According to the World Health Organization WHO, 350 million people worldwide are affected by depression.
But the mental state is not all that is affected: depression can also compromise the body.
“Today there is little doubt that depression is a risk factor for cardiovascular diseases,” explains one researcher.
“The question now is: What is the relationship between depression and other risk factors like tobacco smoke, high cholesterol levels, obesity or hypertension – how big a role does each factor play?”
In order to examine this question, researchers analyzed data from 3,428 male patients between the ages of 45 and 74 years and observed their development over a period of ten years.
In their analyses, the scientists compared the impact of depression with the five major risk factors high cholesterol levels, obesity, high blood pressure, smoking and diabetes.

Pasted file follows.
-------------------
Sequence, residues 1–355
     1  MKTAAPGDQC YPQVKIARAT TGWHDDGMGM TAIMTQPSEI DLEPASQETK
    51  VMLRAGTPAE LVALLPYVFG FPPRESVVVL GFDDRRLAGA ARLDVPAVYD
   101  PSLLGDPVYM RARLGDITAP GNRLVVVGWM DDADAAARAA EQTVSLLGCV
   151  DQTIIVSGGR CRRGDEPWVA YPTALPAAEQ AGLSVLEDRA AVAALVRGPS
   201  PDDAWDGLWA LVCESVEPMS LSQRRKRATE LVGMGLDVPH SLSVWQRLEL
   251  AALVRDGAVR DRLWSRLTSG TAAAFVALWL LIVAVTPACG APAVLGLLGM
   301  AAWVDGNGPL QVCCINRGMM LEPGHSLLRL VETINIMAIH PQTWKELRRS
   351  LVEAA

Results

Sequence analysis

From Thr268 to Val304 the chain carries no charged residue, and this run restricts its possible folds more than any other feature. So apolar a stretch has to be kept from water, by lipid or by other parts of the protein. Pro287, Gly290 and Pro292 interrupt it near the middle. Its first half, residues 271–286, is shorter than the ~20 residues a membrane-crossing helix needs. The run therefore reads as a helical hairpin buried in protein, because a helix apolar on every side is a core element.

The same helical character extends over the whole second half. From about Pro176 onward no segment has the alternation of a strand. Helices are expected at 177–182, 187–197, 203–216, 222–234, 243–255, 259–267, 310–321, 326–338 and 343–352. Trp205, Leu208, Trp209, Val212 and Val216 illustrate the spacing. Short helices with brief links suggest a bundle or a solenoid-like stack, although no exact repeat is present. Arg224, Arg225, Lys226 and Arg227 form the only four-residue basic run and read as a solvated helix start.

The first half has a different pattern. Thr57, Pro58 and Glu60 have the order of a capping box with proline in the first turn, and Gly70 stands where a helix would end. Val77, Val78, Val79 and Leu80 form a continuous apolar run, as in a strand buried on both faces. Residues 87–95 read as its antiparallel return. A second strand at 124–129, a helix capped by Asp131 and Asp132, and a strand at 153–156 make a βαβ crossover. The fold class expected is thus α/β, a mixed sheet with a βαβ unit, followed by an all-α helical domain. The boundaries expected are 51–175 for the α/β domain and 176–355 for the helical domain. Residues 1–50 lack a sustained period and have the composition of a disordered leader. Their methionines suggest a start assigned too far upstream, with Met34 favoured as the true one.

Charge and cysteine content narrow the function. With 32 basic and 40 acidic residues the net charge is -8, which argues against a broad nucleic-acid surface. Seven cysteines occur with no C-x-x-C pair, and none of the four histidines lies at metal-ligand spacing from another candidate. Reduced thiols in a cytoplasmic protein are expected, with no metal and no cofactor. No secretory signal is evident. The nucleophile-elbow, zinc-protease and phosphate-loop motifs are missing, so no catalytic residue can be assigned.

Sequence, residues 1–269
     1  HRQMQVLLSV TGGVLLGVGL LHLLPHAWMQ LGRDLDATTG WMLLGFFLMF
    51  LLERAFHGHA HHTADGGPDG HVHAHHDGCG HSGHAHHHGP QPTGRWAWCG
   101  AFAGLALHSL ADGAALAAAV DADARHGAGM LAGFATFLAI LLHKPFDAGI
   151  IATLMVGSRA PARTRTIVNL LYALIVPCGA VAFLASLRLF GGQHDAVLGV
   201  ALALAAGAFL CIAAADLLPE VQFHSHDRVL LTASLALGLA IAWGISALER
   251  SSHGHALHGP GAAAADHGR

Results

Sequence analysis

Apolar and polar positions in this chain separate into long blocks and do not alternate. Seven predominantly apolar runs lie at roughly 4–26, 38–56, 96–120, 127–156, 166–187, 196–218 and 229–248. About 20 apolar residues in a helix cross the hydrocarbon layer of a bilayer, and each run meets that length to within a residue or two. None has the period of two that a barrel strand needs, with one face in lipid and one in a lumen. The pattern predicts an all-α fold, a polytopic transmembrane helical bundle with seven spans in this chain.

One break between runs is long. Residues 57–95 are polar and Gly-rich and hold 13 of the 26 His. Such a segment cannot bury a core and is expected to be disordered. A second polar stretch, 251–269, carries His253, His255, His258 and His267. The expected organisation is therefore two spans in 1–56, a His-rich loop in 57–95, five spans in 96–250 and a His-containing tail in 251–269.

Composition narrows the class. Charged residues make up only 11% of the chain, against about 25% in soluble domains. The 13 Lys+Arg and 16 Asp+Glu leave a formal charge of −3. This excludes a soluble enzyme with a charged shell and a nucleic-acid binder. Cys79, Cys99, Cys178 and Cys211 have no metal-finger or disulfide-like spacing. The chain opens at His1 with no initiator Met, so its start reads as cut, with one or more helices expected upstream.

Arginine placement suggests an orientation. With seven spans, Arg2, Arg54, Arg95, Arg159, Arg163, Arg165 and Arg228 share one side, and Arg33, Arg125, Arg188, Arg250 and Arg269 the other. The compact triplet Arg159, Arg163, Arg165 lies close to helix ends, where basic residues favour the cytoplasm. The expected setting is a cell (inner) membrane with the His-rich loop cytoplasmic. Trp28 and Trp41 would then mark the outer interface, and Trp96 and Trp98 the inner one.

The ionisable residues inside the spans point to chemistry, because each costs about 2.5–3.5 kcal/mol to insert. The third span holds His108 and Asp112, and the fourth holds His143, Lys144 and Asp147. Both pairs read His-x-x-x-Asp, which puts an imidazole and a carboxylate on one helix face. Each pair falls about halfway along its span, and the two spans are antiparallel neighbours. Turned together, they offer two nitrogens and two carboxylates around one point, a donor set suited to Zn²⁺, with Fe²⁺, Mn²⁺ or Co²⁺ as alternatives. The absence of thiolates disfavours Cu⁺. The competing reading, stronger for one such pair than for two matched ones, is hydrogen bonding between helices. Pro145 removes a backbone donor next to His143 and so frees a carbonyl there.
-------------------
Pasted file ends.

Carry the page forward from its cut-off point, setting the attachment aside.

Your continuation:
The results are published in the journal Atherosclerosis.
“Our study shows that the risk of a fatal cardiovascular disease due to depression is almost as great as that due to elevated cholesterol levels or obesity,” one author summarizes.
Viewed across men, a depressive disorder had been diagnosed in roughly 15 % of the cardiovascular deaths.
For obesity and diabetes, this number is below 10 %, for smoking it is around 17 %. The one factor that figures in considerably higher is high blood pressure with almost 30 %.
News source: Technical University of Munich. The content is edited for length and style purposes.
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